The Rooney Rule, established by former Pittsburgh Steelers owner Dan Rooney to equalize head coaching opportunities in the NFL, mandates that each team interview a coach of color for any open head coach or senior coaching opportunity.
Last season, that rule was again exposed as mostly for show when four of five open head coaching positions were filled by white men, three of whom had never coached at that level in the NFL. Only one was filled by a man of color as Carolina Panthers head coach Ron Rivera, who is Puerto Rican and Mexican, moved to the Washington Redskins.
The NFL presently has only three Black NFL head coaches – Los Angeles Charges coach Anthony Lynn, Miami Dolphins coach Brian Flores, and Pittsburgh coach Mike Tomlin, who is the third longest-tenured active head coach after the New Orleans Saints’ Sean Payton and the New England Patriots’ Bill Belichick.
There are only two Black GM’s – Andrew Berry in Cleveland who was just hired this year, and Chris Grier in Miami. If you watched the NFL’s virtual draft this year, you’d have seen that the league’s ‘war rooms’ were predominantly white. The league’s players are 70% Black and it should be noted that last year, the NFL celebrated its 100th season.
To account for that, the Rooney Rule now requires teams to interview two minority candidates for open head coaching positions, at least one for any of three coordinator positions and at least one for senior football positions including GM.
Women and/or minority candidates must also be interviewed for a wide variety of other senior management and front-office positions. Assistant coaches can also now interview for coordinator jobs with other teams, as those jobs are considered more in line with a path to head coaching.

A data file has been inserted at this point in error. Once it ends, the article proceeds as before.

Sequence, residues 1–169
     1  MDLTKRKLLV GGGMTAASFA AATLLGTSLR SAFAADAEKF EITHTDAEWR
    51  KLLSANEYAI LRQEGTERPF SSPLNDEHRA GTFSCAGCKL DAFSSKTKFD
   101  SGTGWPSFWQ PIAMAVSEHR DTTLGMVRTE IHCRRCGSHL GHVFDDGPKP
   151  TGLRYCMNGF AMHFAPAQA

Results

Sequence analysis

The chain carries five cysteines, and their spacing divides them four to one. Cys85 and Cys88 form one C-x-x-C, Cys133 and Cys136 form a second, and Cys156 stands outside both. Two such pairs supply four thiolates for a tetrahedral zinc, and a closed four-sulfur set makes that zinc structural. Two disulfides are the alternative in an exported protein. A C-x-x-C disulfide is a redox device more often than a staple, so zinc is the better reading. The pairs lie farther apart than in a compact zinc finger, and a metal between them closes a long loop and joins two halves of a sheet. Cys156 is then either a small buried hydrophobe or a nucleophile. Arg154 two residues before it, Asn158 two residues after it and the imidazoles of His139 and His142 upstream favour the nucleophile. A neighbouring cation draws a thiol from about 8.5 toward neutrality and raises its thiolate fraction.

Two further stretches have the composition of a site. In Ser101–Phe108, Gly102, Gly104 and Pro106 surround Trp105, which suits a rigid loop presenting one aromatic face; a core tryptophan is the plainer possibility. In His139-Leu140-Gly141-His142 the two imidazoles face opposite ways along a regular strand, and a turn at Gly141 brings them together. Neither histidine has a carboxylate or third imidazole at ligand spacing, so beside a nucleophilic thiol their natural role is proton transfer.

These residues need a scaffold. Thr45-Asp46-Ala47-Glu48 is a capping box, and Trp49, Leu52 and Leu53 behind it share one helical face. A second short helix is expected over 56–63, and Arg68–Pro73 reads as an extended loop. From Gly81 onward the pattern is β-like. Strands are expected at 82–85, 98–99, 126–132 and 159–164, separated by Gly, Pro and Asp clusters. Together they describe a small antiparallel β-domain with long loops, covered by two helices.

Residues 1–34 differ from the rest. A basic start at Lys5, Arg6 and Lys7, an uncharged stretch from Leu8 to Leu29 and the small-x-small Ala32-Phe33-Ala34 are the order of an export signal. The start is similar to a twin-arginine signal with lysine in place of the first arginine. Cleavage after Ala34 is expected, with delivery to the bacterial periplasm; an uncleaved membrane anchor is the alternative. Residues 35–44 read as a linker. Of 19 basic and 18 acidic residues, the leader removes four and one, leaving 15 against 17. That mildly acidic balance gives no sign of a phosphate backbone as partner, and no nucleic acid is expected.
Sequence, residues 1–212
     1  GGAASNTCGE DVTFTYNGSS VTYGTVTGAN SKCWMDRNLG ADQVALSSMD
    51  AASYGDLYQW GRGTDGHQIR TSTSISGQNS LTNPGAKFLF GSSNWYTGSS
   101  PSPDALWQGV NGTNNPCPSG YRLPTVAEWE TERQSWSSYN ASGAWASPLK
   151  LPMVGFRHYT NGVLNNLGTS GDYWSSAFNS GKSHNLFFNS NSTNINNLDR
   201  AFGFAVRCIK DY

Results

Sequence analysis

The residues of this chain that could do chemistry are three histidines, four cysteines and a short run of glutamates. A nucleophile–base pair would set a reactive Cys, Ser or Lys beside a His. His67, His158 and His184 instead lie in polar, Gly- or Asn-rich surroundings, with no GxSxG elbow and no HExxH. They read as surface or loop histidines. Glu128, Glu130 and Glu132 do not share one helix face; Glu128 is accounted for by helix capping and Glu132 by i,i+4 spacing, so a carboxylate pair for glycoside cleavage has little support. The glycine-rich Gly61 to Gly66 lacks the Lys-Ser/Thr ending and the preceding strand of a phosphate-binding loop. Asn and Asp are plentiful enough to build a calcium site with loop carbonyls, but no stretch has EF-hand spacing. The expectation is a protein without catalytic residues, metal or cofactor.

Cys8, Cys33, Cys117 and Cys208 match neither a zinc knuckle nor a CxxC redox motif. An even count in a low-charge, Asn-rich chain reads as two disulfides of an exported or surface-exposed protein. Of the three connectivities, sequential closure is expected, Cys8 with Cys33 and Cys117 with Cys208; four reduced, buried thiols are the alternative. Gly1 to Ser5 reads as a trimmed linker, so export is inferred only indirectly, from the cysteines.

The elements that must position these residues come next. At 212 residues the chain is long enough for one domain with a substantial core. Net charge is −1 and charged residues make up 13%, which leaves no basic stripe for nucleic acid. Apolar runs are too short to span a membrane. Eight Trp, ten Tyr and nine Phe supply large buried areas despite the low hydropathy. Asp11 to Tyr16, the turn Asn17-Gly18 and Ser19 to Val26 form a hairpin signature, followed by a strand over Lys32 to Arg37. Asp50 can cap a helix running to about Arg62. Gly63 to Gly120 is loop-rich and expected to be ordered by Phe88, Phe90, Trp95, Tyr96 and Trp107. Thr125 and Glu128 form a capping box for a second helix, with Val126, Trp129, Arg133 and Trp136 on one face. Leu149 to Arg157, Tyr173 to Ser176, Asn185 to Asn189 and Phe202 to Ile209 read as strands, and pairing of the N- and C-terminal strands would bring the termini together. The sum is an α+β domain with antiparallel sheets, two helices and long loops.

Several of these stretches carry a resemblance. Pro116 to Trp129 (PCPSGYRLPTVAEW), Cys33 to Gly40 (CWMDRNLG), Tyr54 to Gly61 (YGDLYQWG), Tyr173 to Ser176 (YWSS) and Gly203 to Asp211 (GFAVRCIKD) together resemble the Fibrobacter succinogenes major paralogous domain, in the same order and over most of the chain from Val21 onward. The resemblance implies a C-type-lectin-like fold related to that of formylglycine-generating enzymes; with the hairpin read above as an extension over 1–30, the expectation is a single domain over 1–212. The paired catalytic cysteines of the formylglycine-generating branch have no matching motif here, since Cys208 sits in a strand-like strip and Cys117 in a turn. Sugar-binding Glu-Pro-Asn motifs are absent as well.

One of the more controversial additions to the Rooney Rule was to reward teams who hired a coach of color with a compensatory pick at the end of the fourth round if their hire lasted beyond one year.
Former Cincinnati Bengals head coach Marvin Lewis told The Baltimore Sun this week that its sad that in 2020 incentives still have to be offered for the league to do the right thing although he does think the measures will help.
“We had come a long way as far as assistant coaches, but we never made any inroads in management,” Lewis said. “This will be a plus requiring more than one minority to be interviewed because it will cause them to take a deeper dive. This will allow more minorities more opportunities.”
However, Lewis found it a problem that teams needed to be, once again, forced to do the right thing and that hiring minorities has been such a fraught issue over the years.
“It was offensive, definitely offensive,” Lewis told The Sun‘s Mike Preston.“It was like having Jim Crow laws. That’s the shame of it all. A lot of people are being cut out.”
Lewis also objected to using a draft pick to do it, a move that looks like it won’t be happening anyway according to several reports. “Draft picks are like gold,” Lewis said. “That doesn’t make a lot of sense to me. As a head coach, no one wants to be hired or put in that position.”
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